The state produced the testimony of seven people, each a substantial citizen of Jasper County, most of whom lived in Joplin where the case was tried. One testified that he had seen the picture and read the caption but the picture did not cause him to form any opinion as to whether the defendant was guilty of burglary. None of the state's witnesses recognized the name of the defendant and their testimony, in essence, was that there was no general feeling of hatred or illwill toward the defendant in the county.

During voir dire examination the prospective jurors were asked if any one of them was acquainted with the defendant or had ever heard of him "in any way, shape or form" and there was no response. At no time during voir dire examination or the trial itself was there mention of defendant's week-long "unauthorized absence" from the county jail which occurred in April 1976, nor was there mention of the sheriff's campaign or the photograph in which defendant appeared.

Rule 30.04 and § 545.490 provide that, in a county such as Jasper County, the defendant seeking a change of venue must *788 prove the truth of his allegations of prejudice by competent evidence and the state is authorized to offer rebutting evidence. When that procedure is followed, the granting of a change of venue is a matter within the discretion of the trial court and its ruling is not to be disturbed on appeal unless an abuse of discretion is demonstrated. State v. Parcel, 546 S.W.2d 571, 574[11] (Mo.App.1977). See also State v. Odom, 369 S.W.2d 173 (Mo. banc 1963).

Defendant has failed to demonstrate that the trial court abused its discretion in denying the application.

Defendant's second point has no merit.

Defendant's third point is that the trial court erred in invoking the Second Offender Act, § 556.280, for the reason that the prior felony conviction, on which the invocation was based, was tainted. The prior conviction involved a plea of guilty to a charge of burglary and stealing. The plea was entered on August 19, 1964, in the Circuit Court of Jasper County and the records of that proceeding show that defendant was then represented by counsel.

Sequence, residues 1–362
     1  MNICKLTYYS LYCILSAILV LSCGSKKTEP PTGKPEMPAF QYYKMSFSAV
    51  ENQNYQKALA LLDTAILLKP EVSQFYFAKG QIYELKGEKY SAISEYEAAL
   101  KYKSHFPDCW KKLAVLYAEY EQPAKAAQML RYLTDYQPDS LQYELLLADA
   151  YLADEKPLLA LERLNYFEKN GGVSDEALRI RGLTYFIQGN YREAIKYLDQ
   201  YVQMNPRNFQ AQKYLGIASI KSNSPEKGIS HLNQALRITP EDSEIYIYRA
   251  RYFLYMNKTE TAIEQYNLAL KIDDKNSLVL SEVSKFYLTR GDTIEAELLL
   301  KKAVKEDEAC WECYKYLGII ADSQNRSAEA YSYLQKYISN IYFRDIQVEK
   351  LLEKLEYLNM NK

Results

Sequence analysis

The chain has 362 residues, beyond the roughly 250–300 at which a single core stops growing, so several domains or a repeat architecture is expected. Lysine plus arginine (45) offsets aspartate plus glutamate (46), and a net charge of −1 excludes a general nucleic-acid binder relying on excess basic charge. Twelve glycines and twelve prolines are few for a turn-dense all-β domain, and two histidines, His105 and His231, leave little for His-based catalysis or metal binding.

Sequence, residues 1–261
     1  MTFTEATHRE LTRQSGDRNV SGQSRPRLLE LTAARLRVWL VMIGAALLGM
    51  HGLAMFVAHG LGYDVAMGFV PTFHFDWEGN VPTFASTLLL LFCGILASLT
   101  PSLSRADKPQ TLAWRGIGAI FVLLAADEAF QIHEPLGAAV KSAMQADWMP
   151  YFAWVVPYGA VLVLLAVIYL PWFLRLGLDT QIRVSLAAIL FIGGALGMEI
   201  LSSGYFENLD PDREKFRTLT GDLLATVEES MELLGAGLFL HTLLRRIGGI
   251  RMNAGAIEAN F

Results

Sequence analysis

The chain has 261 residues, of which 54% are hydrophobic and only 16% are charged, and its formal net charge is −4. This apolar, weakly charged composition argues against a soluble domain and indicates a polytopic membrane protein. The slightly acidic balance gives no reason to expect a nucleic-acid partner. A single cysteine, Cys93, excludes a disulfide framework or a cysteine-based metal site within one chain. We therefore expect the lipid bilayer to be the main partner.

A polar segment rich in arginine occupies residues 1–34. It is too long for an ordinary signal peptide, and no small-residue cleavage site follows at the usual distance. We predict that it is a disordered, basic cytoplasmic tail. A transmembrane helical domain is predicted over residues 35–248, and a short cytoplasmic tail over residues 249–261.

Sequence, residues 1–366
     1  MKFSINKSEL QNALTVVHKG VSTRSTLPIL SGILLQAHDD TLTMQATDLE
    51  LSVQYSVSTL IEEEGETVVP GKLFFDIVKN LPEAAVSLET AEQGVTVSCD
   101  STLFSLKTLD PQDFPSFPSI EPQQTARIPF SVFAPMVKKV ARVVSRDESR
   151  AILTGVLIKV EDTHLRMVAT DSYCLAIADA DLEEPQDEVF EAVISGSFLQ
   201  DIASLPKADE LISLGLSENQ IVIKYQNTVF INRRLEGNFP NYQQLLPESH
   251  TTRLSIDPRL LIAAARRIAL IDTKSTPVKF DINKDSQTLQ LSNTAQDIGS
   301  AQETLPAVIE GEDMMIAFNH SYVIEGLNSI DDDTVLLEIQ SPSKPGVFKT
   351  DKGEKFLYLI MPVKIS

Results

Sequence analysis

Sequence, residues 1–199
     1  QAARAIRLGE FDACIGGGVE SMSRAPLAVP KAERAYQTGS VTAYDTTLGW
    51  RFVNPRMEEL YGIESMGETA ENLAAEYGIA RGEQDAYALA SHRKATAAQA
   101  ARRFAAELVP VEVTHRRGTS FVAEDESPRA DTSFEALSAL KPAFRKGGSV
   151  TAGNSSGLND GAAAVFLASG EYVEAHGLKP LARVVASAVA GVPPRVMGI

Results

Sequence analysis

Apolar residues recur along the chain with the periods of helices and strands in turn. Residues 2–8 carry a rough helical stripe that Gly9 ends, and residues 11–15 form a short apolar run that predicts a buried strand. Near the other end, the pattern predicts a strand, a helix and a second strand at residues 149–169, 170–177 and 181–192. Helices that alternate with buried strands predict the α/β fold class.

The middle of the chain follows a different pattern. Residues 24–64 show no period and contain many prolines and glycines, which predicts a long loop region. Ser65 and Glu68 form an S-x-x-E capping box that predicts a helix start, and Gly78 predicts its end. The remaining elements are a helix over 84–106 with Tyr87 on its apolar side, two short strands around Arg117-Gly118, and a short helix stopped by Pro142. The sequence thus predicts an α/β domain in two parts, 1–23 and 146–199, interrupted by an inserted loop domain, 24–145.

Defendant challenges the validity of the prior conviction on two grounds: (a) ineffective assistance of counsel at the time the plea was entered, and (b) remoteness of the prior conviction.

The evidence with respect to the prior conviction was sufficient to support the finding of the trial court that the Second Offender Act was applicable. There was no duty on the part of the trial court to make an inquiry into the adequacy of the manner in which defendant was represented by counsel in connection with the prior conviction, or to make a specific finding thereon, the record of the proceeding being regular on its face. State v. Lasiter (No. 10477, Mo.App., Springfield District, filed February 3, 1978),___ S.W.2d ___ (Mo.App.1978), and authorities there cited.

The challenge of remoteness is also invalid. "The Second Offender Act places no time limit within which the previous conviction shall have occurred." State v. Phillips, 511 S.W.2d 841, 843[2] (Mo.1974).

Defendant's third point has no merit.

Defendant's fourth point is, in essence, that the trial court erred in permitting the prosecutor to cross-examine the defendant with respect to a court martial conviction of defendant, while he was in the armed forces, for the offense of murder. This was error, says defendant, because his counsel had informed the court and the prosecutor that defendant had been pardoned and defendant himself testified that he had been "exonerated."

On direct examination by his attorney defendant said that he served in the armed forces and "I received a letter of commendation until I was court martialed." On cross-examination by the prosecutor defendant admitted that while he was in the service he was convicted of the murder of six Chinese soldiers, received a sentence, and "I served nine yearsI served the sentence out." Defendant testified that in 1968 a lawyer in California had told his wife that he had been exonerated but that he had never been so informed.